England's Kew Gardens: A Museum of Botanical Life

Tour the world's largest collection of living plants and some exotic specimens.
An 1882 Rock Garden

An 1882 Rock Garden

Kew's rock garden features mountain, Mediterranean and moisture-loving plants from around the world.

Photo by: Image courtesy of Felicia Feaster

Image courtesy of Felicia Feaster

Kew's rock garden features mountain, Mediterranean and moisture-loving plants from around the world.

During my Collette tour of English gardens, I spent a day wandering around the remarkable Kew garden in a plant-besotted stupor. Established in 1759 and extending over 327 acres, the Royal Botanic Garden, Kew is practically a theme park of growing, a reminder of the astounding diversity of the natural world. 

There are treasures around every corner, and an array of awe-inspiring garden “rooms:” a Japanese garden and Great Pagoda designed by William Chambers in 1762, a woodland garden, 19th century rock garden and vegetable gardens, among many others. A celebration of plant life from around the globe, there are groves dedicated to redwoods, azaleas, magnolias and rhododendron.  A water lily house so steamy your glasses and camera lens immediately fog up upon entry features waterborne flowers in hallucinatory neon colors. Walks between the countless garden tableaux are punctuated by centuries-old trees that dot its landscape like living temples to time’s passage. 

Throughout the decades, Kew's design has profited from the talents of such renowned landscape architects as Charles Bridgeman, William Kent, Lancelot 'Capability' Brown and William Chambers and the garden remains an essential visit for garden tourists.

A Sample of Kew's Plant Collection

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The Handkerchief Tree

Also known as the dove tree, Davidia involucrata is distinguished by its long white flowers that look like tissues.

Photo By: Image courtesy of Felicia Feaster

Actinidia Kolomikta

The unusual leaves of Actinidia kolomikta appear to be dipped in white paint. This beautiful vine is a deciduous, twining climber.

Photo By: Image courtesy of Felicia Feaster

Bleeding Heart

Bleeding heart, or Lamprocapnos spectabilis (formerly Dicentra spectabilis) is one of the endless varieties of plants on view at Kew Gardens and was first introduced into England in the 19th century from Japan by plant explorer Robert Fortune.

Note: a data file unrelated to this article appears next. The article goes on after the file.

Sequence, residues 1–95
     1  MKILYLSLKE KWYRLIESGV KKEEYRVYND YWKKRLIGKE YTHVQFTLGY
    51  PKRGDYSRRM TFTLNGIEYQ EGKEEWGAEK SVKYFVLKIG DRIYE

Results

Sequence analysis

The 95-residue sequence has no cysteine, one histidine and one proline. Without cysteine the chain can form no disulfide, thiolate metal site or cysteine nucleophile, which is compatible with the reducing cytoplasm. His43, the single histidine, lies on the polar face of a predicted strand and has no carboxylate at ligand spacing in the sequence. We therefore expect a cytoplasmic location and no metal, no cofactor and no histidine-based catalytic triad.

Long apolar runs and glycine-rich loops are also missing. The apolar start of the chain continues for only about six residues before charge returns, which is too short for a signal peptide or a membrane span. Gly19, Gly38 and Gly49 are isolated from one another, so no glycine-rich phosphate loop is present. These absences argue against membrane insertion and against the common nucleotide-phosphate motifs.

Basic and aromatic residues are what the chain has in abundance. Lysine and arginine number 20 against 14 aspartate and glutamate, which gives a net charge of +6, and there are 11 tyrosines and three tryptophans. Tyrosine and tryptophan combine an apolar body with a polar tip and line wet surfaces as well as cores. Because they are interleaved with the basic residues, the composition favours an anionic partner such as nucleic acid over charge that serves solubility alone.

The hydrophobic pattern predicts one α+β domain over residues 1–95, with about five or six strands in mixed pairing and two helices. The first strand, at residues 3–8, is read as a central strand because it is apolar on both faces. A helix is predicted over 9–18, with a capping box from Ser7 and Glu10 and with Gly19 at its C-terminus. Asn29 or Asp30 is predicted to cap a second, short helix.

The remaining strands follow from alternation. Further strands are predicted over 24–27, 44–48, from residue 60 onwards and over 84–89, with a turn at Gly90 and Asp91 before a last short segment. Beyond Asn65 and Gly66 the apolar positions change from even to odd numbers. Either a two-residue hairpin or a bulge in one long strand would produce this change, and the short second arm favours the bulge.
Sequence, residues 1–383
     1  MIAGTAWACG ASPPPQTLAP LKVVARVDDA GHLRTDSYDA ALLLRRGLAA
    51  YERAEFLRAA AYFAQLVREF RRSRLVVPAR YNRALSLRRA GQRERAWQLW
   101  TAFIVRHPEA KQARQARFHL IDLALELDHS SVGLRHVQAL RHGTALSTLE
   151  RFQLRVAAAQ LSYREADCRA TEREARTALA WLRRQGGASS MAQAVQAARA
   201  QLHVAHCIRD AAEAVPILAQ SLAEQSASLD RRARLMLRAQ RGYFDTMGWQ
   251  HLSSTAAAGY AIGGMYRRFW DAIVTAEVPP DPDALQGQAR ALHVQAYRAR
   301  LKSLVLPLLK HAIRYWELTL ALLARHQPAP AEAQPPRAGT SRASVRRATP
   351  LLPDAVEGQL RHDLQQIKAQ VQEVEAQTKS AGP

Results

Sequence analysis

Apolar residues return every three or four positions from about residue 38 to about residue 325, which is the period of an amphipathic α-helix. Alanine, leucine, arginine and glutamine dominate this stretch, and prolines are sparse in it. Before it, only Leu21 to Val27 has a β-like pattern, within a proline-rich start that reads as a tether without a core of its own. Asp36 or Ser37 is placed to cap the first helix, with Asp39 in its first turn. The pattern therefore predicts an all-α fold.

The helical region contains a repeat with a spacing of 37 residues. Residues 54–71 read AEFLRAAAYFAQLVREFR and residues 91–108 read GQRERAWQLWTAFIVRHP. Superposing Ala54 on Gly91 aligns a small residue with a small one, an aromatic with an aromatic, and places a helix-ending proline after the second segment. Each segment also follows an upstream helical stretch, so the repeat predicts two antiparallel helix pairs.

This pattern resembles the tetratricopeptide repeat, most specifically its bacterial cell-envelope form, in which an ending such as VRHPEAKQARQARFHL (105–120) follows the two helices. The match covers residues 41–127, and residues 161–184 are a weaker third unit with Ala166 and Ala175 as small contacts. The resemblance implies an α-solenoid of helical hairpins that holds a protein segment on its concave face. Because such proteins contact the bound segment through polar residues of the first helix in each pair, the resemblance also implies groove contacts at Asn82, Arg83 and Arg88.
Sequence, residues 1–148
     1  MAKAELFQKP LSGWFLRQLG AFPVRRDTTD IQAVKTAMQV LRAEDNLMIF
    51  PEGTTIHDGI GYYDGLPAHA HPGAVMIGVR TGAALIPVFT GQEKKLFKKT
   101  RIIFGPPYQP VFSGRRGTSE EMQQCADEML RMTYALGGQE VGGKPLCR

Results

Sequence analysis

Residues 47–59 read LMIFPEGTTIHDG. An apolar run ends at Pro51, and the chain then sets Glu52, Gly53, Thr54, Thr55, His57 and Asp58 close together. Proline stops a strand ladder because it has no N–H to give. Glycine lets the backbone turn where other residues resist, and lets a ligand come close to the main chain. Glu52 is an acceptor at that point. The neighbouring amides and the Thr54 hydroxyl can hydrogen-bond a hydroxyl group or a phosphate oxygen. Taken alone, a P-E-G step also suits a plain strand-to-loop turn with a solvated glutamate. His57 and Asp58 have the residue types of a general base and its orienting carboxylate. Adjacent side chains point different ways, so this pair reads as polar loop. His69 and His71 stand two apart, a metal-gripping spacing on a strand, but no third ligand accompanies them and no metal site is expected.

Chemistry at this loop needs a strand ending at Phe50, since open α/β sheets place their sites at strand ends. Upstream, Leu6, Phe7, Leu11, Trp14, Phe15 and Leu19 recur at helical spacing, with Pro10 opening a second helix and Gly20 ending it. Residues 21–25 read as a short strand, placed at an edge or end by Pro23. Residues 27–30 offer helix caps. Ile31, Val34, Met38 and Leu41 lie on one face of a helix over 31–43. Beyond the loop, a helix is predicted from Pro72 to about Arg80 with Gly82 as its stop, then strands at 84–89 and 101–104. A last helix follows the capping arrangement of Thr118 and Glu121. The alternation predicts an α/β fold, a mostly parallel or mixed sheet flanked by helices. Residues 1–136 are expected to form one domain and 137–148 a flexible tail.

Photo By: Image courtesy of Felicia Feaster

Kew Rock Garden

The dramatic rock garden at Kew.

Photo By: Image courtesy of Felicia Feaster

An 1882 Rock Garden

Kew's rock garden features mountain, Mediterranean and moisture-loving plants from around the world.

Photo By: Image courtesy of Felicia Feaster

Marigolds

Marigolds are planted in Kew's Global Kitchen vegetable garden to ward off pests.

Photo By: Image courtesy of Felicia Feaster

Moroccan Mint

Moroccan mint from Kew's Global Garden.

Photo By: Image courtesy of Felicia Feaster

Chives

Beautiful chive flowers in the Kew edible garden.

Photo By: Image courtesy of Felicia Feaster

Old Soul

A weeping beech grafted to a conventional beech results in an astonishingly original tree dating to 1790.

Photo By: Image courtesy of Felicia Feaster

Wild Garlic

Wild garlic growing on the grounds at Kew.

Photo By: Image courtesy of Felicia Feaster

Agave Tequilana

Agave tequilana, or blue agave, is used in making tequila. Notice the clever design of this cacti planter using a mix of grey and tan stones.

Photo By: Image courtesy of Felicia Feaster

Cactus

Oreocereus celsianus, in a Kew cactus display. Notice the pattern created by using different shades of stone in the display.

Photo By: Image courtesy of Felicia Feaster

Monkey Puzzle Tree

The monkey puzzle tree, or Araucaria araucana, the national tree of Chile has a fascinating, sculptural quality. This unusual conifer was first brought to England in 1795.

Photo By: Image courtesy of Felicia Feaster

Monkey Puzzle Detail

A detail of the monkey puzzle tree from Chile.

Photo By: Image courtesy of Felicia Feaster

Kew Trivia

  • Kew boasts one of the largest compost heaps in Europe.
  • Kew participates in the Millennium Seed Bank Partnership, the largest plant conservation partnership in the world. In this program seeds of the most imperiled plants, and of the most use to the future, are conserved outside of their native habitats.
  • In 2003 Kew was declared a UNESCO World Heritage Site for illustrating significant periods of the art of gardens from the 18th to the 20th centuries.
  • Kew contains the largest Victorian greenhouse in existence, the Temperate House.
  • The experts working at Kew are an important resource in forensic plant science and aid the police in solving crimes in which botanical materials are involved.
  • Kew contains the world's largest collection of orchids.
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